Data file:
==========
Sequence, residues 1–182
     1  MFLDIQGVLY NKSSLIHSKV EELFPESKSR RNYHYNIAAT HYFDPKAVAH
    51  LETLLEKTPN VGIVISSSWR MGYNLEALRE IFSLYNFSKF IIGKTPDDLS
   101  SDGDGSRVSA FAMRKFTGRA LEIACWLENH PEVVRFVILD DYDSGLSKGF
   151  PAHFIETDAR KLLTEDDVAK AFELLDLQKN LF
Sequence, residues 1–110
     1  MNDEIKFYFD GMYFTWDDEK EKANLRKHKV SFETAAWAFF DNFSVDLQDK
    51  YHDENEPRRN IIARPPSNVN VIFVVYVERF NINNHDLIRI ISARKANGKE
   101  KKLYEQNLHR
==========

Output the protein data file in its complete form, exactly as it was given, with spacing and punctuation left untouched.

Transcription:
Sequence, residues 1–182
     1  MFLDIQGVLY NKSSLIHSKV EELFPESKSR RNYHYNIAAT HYFDPKAVAH
    51  LETLLEKTPN VGIVISSSWR MGYNLEALRE IFSLYNFSKF IIGKTPDDLS
   101  SDGDGSRVSA FAMRKFTGRA LEIACWLENH PEVVRFVILD DYDSGLSKGF
   151  PAHFIETDAR KLLTEDDVAK AFELLDLQKN LF
Sequence, residues 1–110
     1  MNDEIKFYFD GMYFTWDDEK EKANLRKHKV SFETAAWAFF DNFSVDLQDK
    51  YHDENEPRRN IIARPPSNVN VIFVVYVERF NINNHDLIRI ISARKANGKE
   101  KKLYEQNLHR